Friday, July 15, 2011

Dipping into DIPs

For those who don't make dolls, a "DIP" is a doll-in-progress.  I posted a photo of a basket of DIPs quite some time ago, and sadly, the basket hasn't gotten any emptier (and in fact, there are about six DIPs who never made it into the basket).

Within the next couple days I need to send a doll for the ODACA Day Luncheon Raffle. The Luncheon is in Anaheim on July 24th, and as I won't be attending this year, I need to hurry.

I had the brilliant idea of making a new doll for the Luncheon, so I picked a doll out of the basket (the one marked with a red arrow) and have been working on it. She/he needed some significant work on the face, so I've been applying layer after layer of paperclay to build up the features and hide that horrible little puckered face.

Now I can see that there's no way I'll get the doll done in time to get it mailed, so I'll be sending an already-completed doll tomorrow. I haven't decided which one will go, but it must go.

I'll continue to work on this doll, though. The pattern I used is a very old one - Butterick No. 331, patented in 1898 (or 1899?). My stuffed doll seems disproportionately long in the torso, which may be due to the natural stretch of the cross grain of muslin I used, but other dolls of the same era seem to have that characteristic, too. I used this 16-inch doll pattern (my doll ended up being 18 inches tall after stuffing and assembly), but I've also got the pattern in the 24 inch size.

July 16 update: I just had a chance to check out Adele Sciortino's latest newsletter, and guess what? She's announced a "UFO Challenge" that I think will be a good incentive to get this DIP done (a UFO is an UnFinished Object, for those who've never experienced the concept). Just click on "Newletter" at the top of her home page to register for this free newletter that's just packed with great doll information! The deadline for this challenge is October 15, 2011. Submissions will be published in the Winter issue of Creative Costuming Newsletter.


Rhissanna said...

A DIP? I'll have to remember that! I've got DIP's I've kept a decade. Is that too long? a decade too long?

Molly Martino said...

Your dip into the DIP basket collection didn't get you far but fortunately you have finished dolls on hand for the Luncheon Raffle.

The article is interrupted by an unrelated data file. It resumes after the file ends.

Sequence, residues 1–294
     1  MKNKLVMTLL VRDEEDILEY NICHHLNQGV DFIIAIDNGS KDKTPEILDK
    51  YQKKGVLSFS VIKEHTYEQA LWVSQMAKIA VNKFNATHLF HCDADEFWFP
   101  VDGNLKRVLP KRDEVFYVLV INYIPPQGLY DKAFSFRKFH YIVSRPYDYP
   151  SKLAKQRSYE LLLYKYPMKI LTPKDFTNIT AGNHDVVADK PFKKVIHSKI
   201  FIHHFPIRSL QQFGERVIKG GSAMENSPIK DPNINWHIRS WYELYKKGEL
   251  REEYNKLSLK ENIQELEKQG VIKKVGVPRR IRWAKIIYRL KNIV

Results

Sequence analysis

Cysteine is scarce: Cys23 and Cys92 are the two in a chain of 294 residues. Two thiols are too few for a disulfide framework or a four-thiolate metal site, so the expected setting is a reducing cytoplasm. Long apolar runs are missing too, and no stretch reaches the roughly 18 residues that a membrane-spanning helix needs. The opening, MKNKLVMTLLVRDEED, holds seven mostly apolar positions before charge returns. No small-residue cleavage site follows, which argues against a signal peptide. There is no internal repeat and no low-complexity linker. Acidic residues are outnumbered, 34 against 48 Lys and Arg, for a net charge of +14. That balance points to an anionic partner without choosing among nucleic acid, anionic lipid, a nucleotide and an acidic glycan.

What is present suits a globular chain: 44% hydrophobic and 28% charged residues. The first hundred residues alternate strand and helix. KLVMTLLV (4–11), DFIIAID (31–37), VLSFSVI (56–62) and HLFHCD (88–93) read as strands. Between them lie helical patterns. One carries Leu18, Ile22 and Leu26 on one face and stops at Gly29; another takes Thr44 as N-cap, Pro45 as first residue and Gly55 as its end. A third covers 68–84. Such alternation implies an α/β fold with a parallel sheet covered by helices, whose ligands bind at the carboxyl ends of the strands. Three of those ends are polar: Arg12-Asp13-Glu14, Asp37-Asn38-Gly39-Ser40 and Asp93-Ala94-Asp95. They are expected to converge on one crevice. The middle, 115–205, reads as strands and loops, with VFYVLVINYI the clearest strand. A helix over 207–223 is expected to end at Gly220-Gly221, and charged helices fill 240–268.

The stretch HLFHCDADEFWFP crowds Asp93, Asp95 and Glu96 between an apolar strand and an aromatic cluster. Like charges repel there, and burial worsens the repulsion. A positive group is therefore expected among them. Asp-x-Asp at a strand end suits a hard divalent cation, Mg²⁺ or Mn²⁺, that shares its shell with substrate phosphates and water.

You put so much work into your fabulous dolls I don't know how you can part with them. As an artist myself you do need to share your talents. People purchasing your work will take the upmost care of their selections you put so much love into. Selling also keeps us in the business & we're able to purchase materials to continue doing what we enjoy so much.

I read something intereting from a another potter who decided he wanted to be remembered (and his talent) years & years from now.

He makes these smaller versions of his work using high-fired clay, and when he travels for shows or on vacation he drops one of his creations into a nearby lake where he might be visiting. No one will find them for eons. He thinks one day someone will & it will be a fun discovery.He adds his name, date and the state he lives in to the bottoms of each piece.

I thought this would be a fun project for my students and we have many lakes here in Ohio to choose where we want to submerge our masterpieces for future discovery.

Pottery and a sculpted piece high-fired will survive for thousands of years. The students had fun with this idea of being discovered long after their time on this earth.

I wouldn't suggest you submerge your dolls. Ha! Just sharing a fun story from another art medium.

Deanna Hogan said...

Thanks for the comments, ladies ~

Rhissanna ~ I don't think there should be a time limit on DIPs! I've even had hand-me-down dips from a generation ago. That being said, I'd hate to leave DIPs to my unsuspecting heirs ;-)

Molly ~ This morning I got a doll in the mail for the raffle. I've resolved to finish this particular DIP before moving on to something else. I got another layer of paperclay on her, starting to develop the facial features. No picture yet, because she's pretty hideous!

I loved your story of the potter leaving something behind. What a wonderful idea. Now how can we convert that to the textile artist? Hmmm...

I do find it difficult to part with some projects. Sometimes I just hang onto them until the time feels right to let them go. Last year I had someone offer to buy one of my dolls for $100 over an asking price, but as I wasn't ready to part with her, there was no asking price! (I've got her name and number, though).

Anonymous said...

Deanne~Your textile dolls are best
on dry land. You'd have to
use an airtight capsule,
that could withstand earthy
elements. Stick a small doll
inside and find a neat
burial site. Leave a note.
That's the best I can come
up with.

A Japanese gal, close
friend to my late eldest
sister told my sister to
keep fabric colors fresh
while in display cases, add
a small cup of water, then
replenish it when the cup
is dry. Have you ever heard
of this? My eldest sister
lived in Japan for 4 yrs.
An artist too. She spoke the
language fluently.

You sent a really cool doll!
I like the mini guitar too.
Have a good one!